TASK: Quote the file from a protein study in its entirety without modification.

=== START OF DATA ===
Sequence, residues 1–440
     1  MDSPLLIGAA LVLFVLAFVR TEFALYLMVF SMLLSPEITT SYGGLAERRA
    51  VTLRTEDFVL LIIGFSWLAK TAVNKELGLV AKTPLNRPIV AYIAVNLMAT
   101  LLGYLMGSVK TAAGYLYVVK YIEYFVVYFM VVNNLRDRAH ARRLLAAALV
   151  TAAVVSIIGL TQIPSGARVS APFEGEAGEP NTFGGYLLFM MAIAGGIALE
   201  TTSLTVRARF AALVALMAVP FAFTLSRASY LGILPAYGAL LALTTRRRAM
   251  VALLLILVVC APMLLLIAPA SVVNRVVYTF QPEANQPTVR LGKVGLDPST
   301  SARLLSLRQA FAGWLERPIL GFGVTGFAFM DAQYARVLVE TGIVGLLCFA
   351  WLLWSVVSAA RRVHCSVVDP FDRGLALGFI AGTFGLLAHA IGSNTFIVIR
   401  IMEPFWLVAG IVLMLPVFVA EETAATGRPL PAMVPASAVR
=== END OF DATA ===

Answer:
Sequence, residues 1–440
     1  MDSPLLIGAA LVLFVLAFVR TEFALYLMVF SMLLSPEITT SYGGLAERRA
    51  VTLRTEDFVL LIIGFSWLAK TAVNKELGLV AKTPLNRPIV AYIAVNLMAT
   101  LLGYLMGSVK TAAGYLYVVK YIEYFVVYFM VVNNLRDRAH ARRLLAAALV
   151  TAAVVSIIGL TQIPSGARVS APFEGEAGEP NTFGGYLLFM MAIAGGIALE
   201  TTSLTVRARF AALVALMAVP FAFTLSRASY LGILPAYGAL LALTTRRRAM
   251  VALLLILVVC APMLLLIAPA SVVNRVVYTF QPEANQPTVR LGKVGLDPST
   301  SARLLSLRQA FAGWLERPIL GFGVTGFAFM DAQYARVLVE TGIVGLLCFA
   351  WLLWSVVSAA RRVHCSVVDP FDRGLALGFI AGTFGLLAHA IGSNTFIVIR
   401  IMEPFWLVAG IVLMLPVFVA EETAATGRPL PAMVPASAVR